The day between Good Friday and Easter is a day that nobody talks about much. The Gospel of Mark that so carefully chronicles each day of the last week of Jesus’ life, says nothing about Saturday.
Yet we all know what the emptiness of what is called “Holy Saturday” is about. All of us have experienced times like this day is all about – times of overwhelming loss when life as we know it changes and all hope dies in mid-flight. Times when it seems that nothing of God, nothing of Hope and Life is happening.
“The importance of Holy Saturday likes in its power to bring us to the kind of faith that the spiritual masters call ‘mature’. Holy Saturday faith is not about counting our blessings. It is about dealing with darkness and growing in hope.” (The Liturgical Year, Joan Chittister, p. 153)
I have taken my Holy Saturday question this year from Benedictine sister Joan Chittister:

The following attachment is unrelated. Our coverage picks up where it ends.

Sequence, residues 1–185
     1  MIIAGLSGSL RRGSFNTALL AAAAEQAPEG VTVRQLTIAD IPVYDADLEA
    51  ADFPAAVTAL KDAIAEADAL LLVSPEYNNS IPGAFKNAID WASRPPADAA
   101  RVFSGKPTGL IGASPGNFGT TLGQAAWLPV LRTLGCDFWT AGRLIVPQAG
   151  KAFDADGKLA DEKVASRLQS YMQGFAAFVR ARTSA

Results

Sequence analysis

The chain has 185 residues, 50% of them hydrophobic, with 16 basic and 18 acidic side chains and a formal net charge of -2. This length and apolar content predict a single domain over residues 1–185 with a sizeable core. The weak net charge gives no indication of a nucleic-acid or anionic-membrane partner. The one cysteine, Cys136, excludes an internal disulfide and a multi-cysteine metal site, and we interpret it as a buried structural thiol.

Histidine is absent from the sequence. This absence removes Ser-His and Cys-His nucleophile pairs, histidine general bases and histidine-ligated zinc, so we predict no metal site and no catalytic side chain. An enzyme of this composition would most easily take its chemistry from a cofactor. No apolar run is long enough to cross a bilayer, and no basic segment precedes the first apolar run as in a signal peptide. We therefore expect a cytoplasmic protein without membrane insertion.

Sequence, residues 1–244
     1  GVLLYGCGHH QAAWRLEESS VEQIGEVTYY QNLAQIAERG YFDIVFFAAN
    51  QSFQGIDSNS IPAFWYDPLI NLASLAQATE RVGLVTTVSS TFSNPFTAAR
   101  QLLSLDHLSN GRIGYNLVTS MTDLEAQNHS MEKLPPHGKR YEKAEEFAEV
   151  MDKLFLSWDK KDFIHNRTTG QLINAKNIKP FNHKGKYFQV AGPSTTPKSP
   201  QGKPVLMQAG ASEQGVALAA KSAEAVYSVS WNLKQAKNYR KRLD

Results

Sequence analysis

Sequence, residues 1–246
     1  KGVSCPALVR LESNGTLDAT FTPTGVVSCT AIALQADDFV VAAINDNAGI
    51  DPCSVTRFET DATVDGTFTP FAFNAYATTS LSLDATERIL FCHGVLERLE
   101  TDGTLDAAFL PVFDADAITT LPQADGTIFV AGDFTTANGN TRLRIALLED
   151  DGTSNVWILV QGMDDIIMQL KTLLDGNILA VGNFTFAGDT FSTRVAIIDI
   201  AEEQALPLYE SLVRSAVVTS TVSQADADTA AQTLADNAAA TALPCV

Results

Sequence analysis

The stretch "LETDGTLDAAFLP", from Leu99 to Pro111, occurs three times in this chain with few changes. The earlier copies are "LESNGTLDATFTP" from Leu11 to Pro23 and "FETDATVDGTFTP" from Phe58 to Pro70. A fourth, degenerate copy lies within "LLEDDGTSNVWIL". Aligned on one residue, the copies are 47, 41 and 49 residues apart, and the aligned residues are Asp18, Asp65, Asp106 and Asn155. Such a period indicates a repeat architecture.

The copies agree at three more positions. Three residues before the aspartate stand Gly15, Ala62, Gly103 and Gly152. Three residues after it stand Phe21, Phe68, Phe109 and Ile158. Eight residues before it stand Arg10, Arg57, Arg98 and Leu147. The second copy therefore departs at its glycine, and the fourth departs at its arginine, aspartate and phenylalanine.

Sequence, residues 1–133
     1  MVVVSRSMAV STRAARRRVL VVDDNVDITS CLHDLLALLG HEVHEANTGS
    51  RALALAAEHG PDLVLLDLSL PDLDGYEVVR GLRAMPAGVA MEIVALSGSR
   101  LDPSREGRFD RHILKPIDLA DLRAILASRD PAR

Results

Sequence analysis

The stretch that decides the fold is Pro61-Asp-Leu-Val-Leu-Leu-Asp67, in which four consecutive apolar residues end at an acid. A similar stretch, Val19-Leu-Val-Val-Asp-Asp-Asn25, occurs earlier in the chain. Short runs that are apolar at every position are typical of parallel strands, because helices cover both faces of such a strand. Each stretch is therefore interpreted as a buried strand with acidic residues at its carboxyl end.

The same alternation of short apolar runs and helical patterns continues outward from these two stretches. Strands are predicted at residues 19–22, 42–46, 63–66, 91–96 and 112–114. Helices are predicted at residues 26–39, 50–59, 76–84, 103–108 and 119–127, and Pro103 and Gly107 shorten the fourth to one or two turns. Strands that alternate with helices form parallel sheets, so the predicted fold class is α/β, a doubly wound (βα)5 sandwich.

“Do we believe that the tombs of our lives are all gateways to resurrection?”
That’s the kind of faith that none of us comes to without much longing and without much doubt that it could possibly be true.
The Apostle’s Creed speaks of Holy Saturday: (Jesus) was crucified, died and was buried. He descended into hell.” For centuries, the church has argued about what this testimony of faith is about.
I am moved by how the Eastern Orthodox church depicts Holy Saturday, and Jesus’ descent into the place of death. In this fresco from the Chora Monastery in Istanbul, Jesus is depicted on Holy Saturday taking Adam and Eve by the wrist and pulling them out of their graves even before he rises from his own.
Jesus has got them both – in all of their beauty and uniqueness.
He also has them both in all of their shame, fear, grief.
And if he’s got them, well, maybe he’s got us all.
What if today we dared to believe that it might be true? That what is in us that seems beyond all help and hope finally is not. That the tombs we have made of our lives and world, are not the end of the story. That even today, when it seems nothing is happening, God is at work still.
What if we lived as if it were true, that all of the tombs of our lives are indeed pathways to resurrection? And that in the fullness of time, “the one whose tomb was empty, will one day empty our own”. (In Search of Belief, Joan Chittister, p. 128)